Syrian opposition leaders struck a hard-won deal on Sunday under intense international pressure to form a new coalition to oppose President Bashar al-Assad, choosing popular Muslim cleric Mouaz al-Khatib (pictured) to head the body.
Syria’s fractious opposition finally put aside fierce arguments to rally behind a new leader within a new coalition that its Western and Arab backers hope can topple Bashar al-Assad and take over the country.
After days of wrangling in Qatar under constant cajoling by exasperated Arab, US and other officials, representatives of groups including rebel fighters, veteran dissidents and ethnic and religious minorities agreed on Sunday to join a new assembly that can form a government-in-exile. They unanimously elected reformist Damascus cleric Mouaz al-Khatib as its president.
Khatib, a preacher who was once imam of the ancient Umayyad Mosque in Damascus, immediately called on soldiers to quit the Syrian army and on all sects to unite.
“We demand freedom for every Sunni, Alawi, Ismaili [Shiite], Christian, Druze, Assyrian ... and rights for all parts of the harmonious Syrian people,” he told reporters.
But it remains to be seen whether the Syrian National Coalition (SNC) can overcome the mutual suspicions and in-fighting that have weakened the 20-month-old drive to end four decades of rule by President Assad’s family.
FRANCE 24 correspondent for Turkey, Jasper Mortimer, reported from Doha on Sunday that while the SNC had finally agreed to the deal, they had expressed their reluctance to join forces only hours beforehand. “The SNC isn’t prepared to quietly fade away,” he said. “Today, its new leader, George Sabra, told us that the SNC is the main opposition body and not prepared to meld itself into another organisation.”
But for allies who see it emulating Libya’s Transitional National Council, the deal was welcome on a day when Israel fired a missile after a Syrian mortar bomb hit the Golan Heights and Assad’s air force strafed along Turkey’s border.
“We will strive from now on to have this new body recognised completely by all parties ... as the sole legitimate representative of the Syrian people,” said Prime Minister Sheikh Hamad bin Jassim of Qatar, an important supporter of the rebels.
Ziad Majed, professor of Middle Eastern University of Paris, told FRANCE 24 on Sunday that the move to elect al-Khatib would make it difficult for foreign powers to ignore the Syrian uprising. “So far the international community has always said it needed a unified opposition in order to support them logistically or recognise it as a kind of transitional government,” he said. “But now they don’t have any more justification for delaying their support of the opposition”.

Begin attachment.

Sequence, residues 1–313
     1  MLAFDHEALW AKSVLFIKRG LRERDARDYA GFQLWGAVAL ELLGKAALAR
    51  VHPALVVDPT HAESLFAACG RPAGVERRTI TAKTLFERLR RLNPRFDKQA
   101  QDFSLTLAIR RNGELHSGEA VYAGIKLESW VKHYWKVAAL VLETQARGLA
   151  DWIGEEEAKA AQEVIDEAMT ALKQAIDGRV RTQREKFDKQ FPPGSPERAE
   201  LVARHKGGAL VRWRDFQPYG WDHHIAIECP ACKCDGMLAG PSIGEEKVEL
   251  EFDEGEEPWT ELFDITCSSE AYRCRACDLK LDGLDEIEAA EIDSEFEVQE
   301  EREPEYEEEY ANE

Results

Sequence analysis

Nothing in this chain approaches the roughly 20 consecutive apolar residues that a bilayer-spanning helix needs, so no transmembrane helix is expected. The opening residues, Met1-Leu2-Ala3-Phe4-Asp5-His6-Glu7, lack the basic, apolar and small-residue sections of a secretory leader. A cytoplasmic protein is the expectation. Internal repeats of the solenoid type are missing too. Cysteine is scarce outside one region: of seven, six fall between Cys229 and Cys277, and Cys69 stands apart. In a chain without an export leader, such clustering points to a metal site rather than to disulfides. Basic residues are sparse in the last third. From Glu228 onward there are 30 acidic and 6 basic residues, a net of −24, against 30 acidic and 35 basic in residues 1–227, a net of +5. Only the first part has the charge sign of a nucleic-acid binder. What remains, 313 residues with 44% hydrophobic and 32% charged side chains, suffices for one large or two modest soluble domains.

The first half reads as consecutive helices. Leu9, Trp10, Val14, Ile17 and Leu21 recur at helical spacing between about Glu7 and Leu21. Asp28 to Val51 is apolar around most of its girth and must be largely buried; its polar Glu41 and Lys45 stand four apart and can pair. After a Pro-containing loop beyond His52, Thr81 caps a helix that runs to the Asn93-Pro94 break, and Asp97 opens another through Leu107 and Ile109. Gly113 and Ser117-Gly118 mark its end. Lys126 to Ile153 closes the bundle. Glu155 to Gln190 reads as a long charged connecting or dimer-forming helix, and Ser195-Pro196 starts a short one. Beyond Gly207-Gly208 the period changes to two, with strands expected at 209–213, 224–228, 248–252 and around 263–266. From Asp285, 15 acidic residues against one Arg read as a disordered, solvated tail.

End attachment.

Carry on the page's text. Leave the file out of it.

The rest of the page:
The United States had also strongly promoted the plan for the Doha meeting to unite the various factions and, notably, subsume the previously ineffectual Syrian National Council into a wider body that would be more inclusive of minorities from a country of great ethnic and religious diversity.
France, a vocal backer of the rebels and which once ruled Syria, hailed the deal. “France will work with its partners to secure international recognition of this new entity as the representative of the aspirations of the Syrian people,” Foreign Minister Laurent Fabius said in a statement in which he called the Assad government “the criminal regime in Damascus”.
Eric Chevalier, the former French ambassador to Syria, described the step as an “important one for a unified opposition and for a credible alternative to Bashar al-Assad's regime,” adding the importance of the SNC as a part of the coalition. “But there is obviously a lot to do,” he told FRANCE 24 in an interview Sunday. “The Doha meeting is not a magic wand to change the Syrian crisis”.
Twenty months after street demonstrations inspired by the Arab Spring drew a military response from Assad, his enemies hope a more cohesive opposition can break a stalemate in the civil war and win more military and diplomatic support from allies who have been wary of the influence of anti-Western militants, some of them linked to al Qaeda.
While there has been renewed talk in Turkey and elsewhere of providing some sort of no-fly zones or other protection for refugees and the lightly armed rebels facing Assad’s air force, Western governments have shown little appetite for new military ventures in such a complex Arab state.
And Russia and China, which have blocked previous moves against Assad in the United Nations Security Council, are unlikely swiftly to alter positions which call for dialogue with Assad and view opposition groups as being in thrall to the West.
Regional power Iran, in whose Shiite brand of Islam Assad’s Alawite minority has its religious roots, remains firmly behind the president in a conflict which pits him against majority Sunni Muslims supported by Iran’s Sunni Arab adversaries.
(FRANCE 24 with wires)
Date created : 2012-11-12